The Kaikōura earthquake had a significant impact on mid-rise buildings, particularly in Wellington’s CBD and the Hutt Valley. Three buildings were identified immediately following the earthquake as having suffered significant damage. These were cordoned off and demolished in the months following.
The Government undertook an investigation into Statistics House on Wellington’s waterfront, after pre-cast floor units partially collapsed on two floors. The investigation found a combination of factors led to the damage, which were not understood by the design standards in place when it was built in 2004. Early in the investigation, concerns with other similar buildings were raised.
Wellington City Council used new recovery powers under the Civil Defence Emergency Management Act, which enabled it to require in-depth engineering assessments of around 80 buildings in the CBD. The Council found no public safety concerns with buildings that were not already unoccupied or being demolished.
The final report to Council showed that around half of those assessed had structural damage and repairs are well underway while the other half had no observed structural damage. The report gave nine recommendations to Council and Government, which are currently being funded and adopted.
While there was no significant impact on unreinforced masonry buildings in Wellington during the November 2016 earthquake due to its distant location, a similar earthquake closer to Wellington could have devastating consequences. In the Canterbury earthquakes the falling debris from these types of buildings claimed 39 lives.
To ensure these unreinforced masonry walls and parapets are strengthened quickly the Government used emergency powers to require building owners to secure masonry walls and parapets within 12 months, by March 2018 and would cover roughly half the cost through a $3 million fund. Around 170 buildings with vulnerable street facing parapets and facades on busy, high traffic areas have been identified across Wellington, the Hutt Valley and upper South Island.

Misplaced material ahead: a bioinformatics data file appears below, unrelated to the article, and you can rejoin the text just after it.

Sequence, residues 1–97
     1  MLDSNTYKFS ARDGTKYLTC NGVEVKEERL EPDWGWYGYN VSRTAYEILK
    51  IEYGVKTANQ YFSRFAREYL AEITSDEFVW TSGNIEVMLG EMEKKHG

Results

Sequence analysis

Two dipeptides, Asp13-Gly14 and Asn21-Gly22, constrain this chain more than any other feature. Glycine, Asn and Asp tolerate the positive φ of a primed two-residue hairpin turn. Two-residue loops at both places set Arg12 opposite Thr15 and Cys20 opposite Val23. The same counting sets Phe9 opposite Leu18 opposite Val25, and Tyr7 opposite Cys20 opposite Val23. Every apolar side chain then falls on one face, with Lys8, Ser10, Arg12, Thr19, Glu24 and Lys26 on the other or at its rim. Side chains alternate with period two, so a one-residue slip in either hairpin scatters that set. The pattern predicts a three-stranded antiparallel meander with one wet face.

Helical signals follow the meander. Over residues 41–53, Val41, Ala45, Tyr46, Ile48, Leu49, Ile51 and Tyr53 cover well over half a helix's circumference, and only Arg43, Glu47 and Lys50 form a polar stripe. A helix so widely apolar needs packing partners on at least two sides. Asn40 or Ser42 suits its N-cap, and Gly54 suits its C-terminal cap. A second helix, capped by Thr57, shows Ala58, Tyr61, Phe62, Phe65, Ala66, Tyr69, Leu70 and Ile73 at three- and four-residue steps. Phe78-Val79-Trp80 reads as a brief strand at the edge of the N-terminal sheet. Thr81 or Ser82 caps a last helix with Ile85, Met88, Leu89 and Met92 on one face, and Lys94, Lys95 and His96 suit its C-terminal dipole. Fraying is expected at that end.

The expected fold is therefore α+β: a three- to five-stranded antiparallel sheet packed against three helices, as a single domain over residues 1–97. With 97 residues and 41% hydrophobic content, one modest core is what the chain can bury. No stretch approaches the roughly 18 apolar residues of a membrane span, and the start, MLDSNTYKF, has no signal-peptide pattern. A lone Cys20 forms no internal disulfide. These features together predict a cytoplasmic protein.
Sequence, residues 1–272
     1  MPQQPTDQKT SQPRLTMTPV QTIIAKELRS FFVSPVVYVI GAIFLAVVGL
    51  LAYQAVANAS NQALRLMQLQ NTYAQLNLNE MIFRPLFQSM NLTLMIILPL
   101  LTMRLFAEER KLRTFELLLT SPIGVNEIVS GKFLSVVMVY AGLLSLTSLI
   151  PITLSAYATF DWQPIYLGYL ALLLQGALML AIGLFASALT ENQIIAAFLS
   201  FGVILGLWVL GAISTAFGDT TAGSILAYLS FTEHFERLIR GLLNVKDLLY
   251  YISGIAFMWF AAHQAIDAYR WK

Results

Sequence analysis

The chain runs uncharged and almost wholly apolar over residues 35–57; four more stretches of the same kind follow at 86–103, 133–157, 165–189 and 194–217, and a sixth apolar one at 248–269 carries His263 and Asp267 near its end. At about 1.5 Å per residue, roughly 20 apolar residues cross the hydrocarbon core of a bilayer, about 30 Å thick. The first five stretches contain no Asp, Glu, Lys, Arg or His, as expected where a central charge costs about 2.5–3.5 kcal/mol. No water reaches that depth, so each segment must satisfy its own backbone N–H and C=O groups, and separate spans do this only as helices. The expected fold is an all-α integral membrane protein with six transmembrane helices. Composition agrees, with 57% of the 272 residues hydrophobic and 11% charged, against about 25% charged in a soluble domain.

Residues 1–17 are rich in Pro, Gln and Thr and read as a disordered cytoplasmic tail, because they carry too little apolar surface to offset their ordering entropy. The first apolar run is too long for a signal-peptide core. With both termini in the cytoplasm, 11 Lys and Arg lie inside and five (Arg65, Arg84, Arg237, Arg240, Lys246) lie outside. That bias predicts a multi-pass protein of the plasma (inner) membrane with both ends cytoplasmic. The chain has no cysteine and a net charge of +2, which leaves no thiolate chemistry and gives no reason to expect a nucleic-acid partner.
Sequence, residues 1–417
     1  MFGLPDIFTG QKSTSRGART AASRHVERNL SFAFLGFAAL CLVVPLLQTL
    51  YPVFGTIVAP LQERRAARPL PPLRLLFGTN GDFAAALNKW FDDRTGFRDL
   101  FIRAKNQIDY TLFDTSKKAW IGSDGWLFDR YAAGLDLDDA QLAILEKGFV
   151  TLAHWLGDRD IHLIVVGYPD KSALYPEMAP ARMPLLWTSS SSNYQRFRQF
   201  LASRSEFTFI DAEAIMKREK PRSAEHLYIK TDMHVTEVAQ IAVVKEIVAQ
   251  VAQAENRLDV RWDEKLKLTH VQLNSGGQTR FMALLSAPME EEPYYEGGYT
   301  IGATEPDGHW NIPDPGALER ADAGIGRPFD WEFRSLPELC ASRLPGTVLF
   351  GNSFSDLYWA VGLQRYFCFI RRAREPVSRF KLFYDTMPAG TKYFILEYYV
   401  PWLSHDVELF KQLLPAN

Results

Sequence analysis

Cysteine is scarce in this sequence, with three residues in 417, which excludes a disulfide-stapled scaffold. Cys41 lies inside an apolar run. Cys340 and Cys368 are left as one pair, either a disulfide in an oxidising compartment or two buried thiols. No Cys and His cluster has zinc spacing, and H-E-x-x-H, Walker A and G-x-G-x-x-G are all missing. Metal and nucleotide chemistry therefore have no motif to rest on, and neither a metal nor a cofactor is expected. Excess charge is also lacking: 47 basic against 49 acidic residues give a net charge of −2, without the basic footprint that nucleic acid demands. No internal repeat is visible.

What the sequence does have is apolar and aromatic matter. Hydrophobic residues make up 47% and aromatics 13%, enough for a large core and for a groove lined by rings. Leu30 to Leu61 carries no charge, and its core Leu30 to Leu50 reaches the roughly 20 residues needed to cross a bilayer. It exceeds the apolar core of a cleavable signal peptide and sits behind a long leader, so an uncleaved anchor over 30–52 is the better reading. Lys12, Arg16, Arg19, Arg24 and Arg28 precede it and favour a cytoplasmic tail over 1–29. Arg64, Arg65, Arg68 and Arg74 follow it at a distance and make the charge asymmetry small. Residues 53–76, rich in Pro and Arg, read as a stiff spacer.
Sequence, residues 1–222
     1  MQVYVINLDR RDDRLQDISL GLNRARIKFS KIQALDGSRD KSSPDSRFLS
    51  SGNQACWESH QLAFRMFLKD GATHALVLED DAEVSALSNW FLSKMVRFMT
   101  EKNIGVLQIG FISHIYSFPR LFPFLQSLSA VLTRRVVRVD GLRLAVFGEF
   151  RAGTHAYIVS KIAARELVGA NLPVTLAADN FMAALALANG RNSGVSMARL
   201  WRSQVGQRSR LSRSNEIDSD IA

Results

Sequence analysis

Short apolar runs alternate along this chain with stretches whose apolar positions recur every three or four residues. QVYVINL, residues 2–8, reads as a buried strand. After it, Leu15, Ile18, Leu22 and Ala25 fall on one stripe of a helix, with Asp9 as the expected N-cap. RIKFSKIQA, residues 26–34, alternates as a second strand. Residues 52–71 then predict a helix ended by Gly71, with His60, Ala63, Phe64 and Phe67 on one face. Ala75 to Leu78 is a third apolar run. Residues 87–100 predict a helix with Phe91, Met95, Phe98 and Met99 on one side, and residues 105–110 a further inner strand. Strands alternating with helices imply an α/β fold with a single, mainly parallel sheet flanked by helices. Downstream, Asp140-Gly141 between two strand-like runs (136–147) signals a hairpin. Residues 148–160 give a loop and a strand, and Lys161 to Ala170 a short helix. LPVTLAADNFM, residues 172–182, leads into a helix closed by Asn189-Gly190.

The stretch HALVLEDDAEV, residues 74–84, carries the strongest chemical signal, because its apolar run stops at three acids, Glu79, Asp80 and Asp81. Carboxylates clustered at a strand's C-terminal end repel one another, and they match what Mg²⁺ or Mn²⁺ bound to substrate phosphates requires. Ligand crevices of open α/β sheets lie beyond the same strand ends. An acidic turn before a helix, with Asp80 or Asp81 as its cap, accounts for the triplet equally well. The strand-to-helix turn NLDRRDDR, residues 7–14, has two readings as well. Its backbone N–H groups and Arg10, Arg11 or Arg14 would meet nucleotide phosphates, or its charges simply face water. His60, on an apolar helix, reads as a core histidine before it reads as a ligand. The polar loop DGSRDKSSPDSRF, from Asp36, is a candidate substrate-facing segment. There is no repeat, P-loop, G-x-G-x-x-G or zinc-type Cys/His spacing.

The Government Property Group (GPG), part of the Ministry of Business, Innovation and Employment played a key role in ensuring the safety of and minimising disruption to government staff following the earthquake.
Thousands of government workers were displaced by closed buildings following the earthquake, and GPG led the co-ordination of temporary office space with many agencies who signalled they were willing to help.
The Government was in a good position to offer temporary office accommodation following the earthquake. This was due to the availability of two buildings recently vacated by the Ministry of Health, and a move to more flexible working across government. Already leased by the Crown, the Freyberg Building and 3 The Terrace were both available to accommodate around 1,300 people in 18,000 square metres of space by Monday 21 November. Agile workplaces were also a significant reason the continuity of the state sector was largely unaffected, as people were able to share space more easily and had the option to work remotely.
Regular meetings with Property Managers, information provided on the GPG Shared Workspace; and expert advice have also been led by the GPG. Encouraging government to move towards more agile workplaces will continue to be a key part of the Government National Property Strategy, to allow people to work remotely or as they choose within their usual building.
The Ministry of Business Innovation and Employment (MBIE) continues to work with Councils, engineers and the building industry to share the new knowledge from the November 2016 earthquake. Work includes reviewing regulatory settings to make sure the Building Code system incorporates this knowledge; commissioning expert working groups to look at the Earthquake Actions and Concrete Structures Standards; and working with industry experts to develop guidance to assist with the assessment and remediation of pre-cast floor systems in existing buildings.
This builds on MBIE’s broader work to support better building performance and emergency response procedures to earthquakes. In recent months, MBIE has issued best practice guidance on installing non-structural elements, such as ceilings and ducting in commercial buildings to avoid poor performance of these elements in earthquake events.
Understanding ground conditions and behaviour are crucial to building performance during earthquakes, which is why MBIE has released a suite of geo-technical guidance over recent years and established an online National Geotechnical Database, in partnership with Earthquake Commission (EQC), which allows practitioners to easily access and better understand ground information.